The state has eight enforcement actions pending against Lanterman and Fairview, but neither facility paid any fines in 2013. And after agreeing to the plans of correction, neither faced sanctions for failing the surveys. Had the Medicare decertification actions for Lanterman, Fairview and Porterville gone through, California taxpayers would have been on the hook for about $4.1 million.
In the case of Client 98, the investigation was handed over the day after the assault to the California Highway Patrol, which has jurisdiction over potentially criminal cases that occur at Lanterman.
A CHP investigator interviewed all four staff members who had contact with the client the night of the incident. But after DNA tests returned negative, the highway patrol concluded the investigation nine months after the assault occurred. The primary suspect, an aide who was in charge of the shift on the night the client was injured, died of an unspecified medical condition during the course of the investigation.
Inspectors also found little evidence that the Office of Protective Services had followed up with its own internal investigation as required. It was unclear whether it had tracked down other clients with whom the suspected aide had contact.
“The OPS Commander was unable to provide a clear and concise answer, stating that it might have been documented in the report,” the inspectors wrote. The commander suggested at one point that the injury could have been a result of a loose arm on a chair, according to the compliance survey.
In addition to failing to protect a client from sexual assault, Lanterman was cited for neglect.
Around 4:30 p.m. Jan. 5, 2013 – about two months after the suspected sexual assault – another Lanterman resident, known as Client 97, lay down for a nap. The afternoon nap was out of character, but the aide assigned to monitor this resident at all times nonetheless left the room after a few minutes.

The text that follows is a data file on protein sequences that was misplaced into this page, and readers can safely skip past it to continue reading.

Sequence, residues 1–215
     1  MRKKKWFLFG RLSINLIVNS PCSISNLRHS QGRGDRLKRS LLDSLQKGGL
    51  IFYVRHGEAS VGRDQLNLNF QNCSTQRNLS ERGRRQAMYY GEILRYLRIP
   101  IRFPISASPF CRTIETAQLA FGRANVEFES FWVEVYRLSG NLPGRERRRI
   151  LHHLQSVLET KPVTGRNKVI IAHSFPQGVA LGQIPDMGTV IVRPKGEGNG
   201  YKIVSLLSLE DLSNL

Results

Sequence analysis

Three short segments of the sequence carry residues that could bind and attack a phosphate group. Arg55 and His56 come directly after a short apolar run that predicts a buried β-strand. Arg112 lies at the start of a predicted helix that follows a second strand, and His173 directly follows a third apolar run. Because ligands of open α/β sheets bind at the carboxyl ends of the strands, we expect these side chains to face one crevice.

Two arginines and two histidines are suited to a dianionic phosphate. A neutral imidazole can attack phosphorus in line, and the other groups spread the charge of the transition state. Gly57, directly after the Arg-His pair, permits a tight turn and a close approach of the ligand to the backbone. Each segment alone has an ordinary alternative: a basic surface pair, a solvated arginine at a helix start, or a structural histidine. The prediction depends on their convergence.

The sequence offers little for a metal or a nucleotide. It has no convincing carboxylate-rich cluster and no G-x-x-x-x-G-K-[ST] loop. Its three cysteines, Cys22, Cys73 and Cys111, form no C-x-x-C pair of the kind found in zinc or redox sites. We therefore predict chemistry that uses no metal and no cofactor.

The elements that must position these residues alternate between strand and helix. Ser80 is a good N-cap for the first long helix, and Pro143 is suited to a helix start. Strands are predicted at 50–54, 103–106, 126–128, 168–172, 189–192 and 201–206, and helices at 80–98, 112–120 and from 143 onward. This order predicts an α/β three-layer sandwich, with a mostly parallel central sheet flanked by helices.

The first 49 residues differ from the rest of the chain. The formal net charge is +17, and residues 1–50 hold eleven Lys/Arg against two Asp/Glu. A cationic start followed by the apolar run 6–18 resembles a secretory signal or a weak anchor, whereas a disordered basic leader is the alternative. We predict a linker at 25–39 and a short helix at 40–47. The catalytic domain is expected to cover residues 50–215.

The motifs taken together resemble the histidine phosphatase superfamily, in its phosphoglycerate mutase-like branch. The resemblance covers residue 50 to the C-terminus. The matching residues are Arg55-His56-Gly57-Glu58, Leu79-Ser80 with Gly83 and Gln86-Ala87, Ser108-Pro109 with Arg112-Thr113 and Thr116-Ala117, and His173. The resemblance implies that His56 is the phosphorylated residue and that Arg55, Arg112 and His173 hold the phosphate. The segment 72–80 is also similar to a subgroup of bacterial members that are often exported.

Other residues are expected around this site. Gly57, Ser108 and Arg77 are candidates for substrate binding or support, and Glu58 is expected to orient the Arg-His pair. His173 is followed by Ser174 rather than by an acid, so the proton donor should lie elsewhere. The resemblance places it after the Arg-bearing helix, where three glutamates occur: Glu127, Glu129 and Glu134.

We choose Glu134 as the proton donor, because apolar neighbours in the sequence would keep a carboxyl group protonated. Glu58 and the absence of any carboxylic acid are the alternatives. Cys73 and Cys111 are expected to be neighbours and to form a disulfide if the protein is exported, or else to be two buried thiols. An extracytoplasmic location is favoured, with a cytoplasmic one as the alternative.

About 10 minutes later, the facility’s emergency notification system went off: code blue – patient in need of resuscitation.
The aide returned to the room and began CPR. More staff arrived to help. Paramedics came soon after. But by 5:15 p.m., the code was canceled.
Client 97 was dead.
Coincidentally, a surveyor from the Department of Public Health was on-site that day to conduct a compliance inspection. The surveyor noticed that Client 97 was supposed to be on enhanced supervision, so the surveyor and another employee went to check on him.
“We found Client 97 in his bed, laying on his side,” the surveyor wrote in the inspection report. He had no pulse. “I called a code and 911.”
Eight months later, the health department found that this incident – and several others relating to lack of supervision – put the Lanterman Developmental Center on track to lose its Medicaid funding.
Inspectors also found serious problems at the Fairview Developmental Center in Costa Mesa. In fact, they noted Fairview had accumulated more violations between surveys in May and August of 2013, ranging from verbal abuse to restricting access to the telephone and recreational activities to not being alert about unexplained injuries.
In one illustrative case, Client 12 “refused to move her legs” for two days. It turned out that she had a broken neck and needed surgery. Doctors also found a broken rib, a bruise on her neck and a blood clot under her scalp.
The surgery was the culmination of about a month of unexplained bruises and a hard fall after a seizure. It is unclear or unknown exactly what caused the neck fracture, but inspectors noted her worn-out, cracked helmet and heard from staff members who said she had complained of back pain at least a week before the paralysis began.
When the resident first “refused to move,” several sets of X-rays failed to reveal any injuries. However, as the radiologist later told inspectors, several vertebrae in her neck could not be scanned because of the placement of her shoulder. He recommended a CT scan, but Client 12 returned to Fairview without one.
After two days of being unable to move her legs, she received a CT scan. It showed her broken neck, as well as a broken right rib. Client 12 needed surgery. She is now paralyzed and requires a breathing tube.
Lanterman and Fairview continue to operate.
Reporter Ryan Gabrielson contributed to this story. It was edited by Robert Salladay and copy edited by Nikki Frick and Christine Lee.
This story was produced by the independent, nonprofit Center for Investigative Reporting, the country’s largest investigative reporting team. For more, visit cironline.org. Bale can be reached at email@example.com.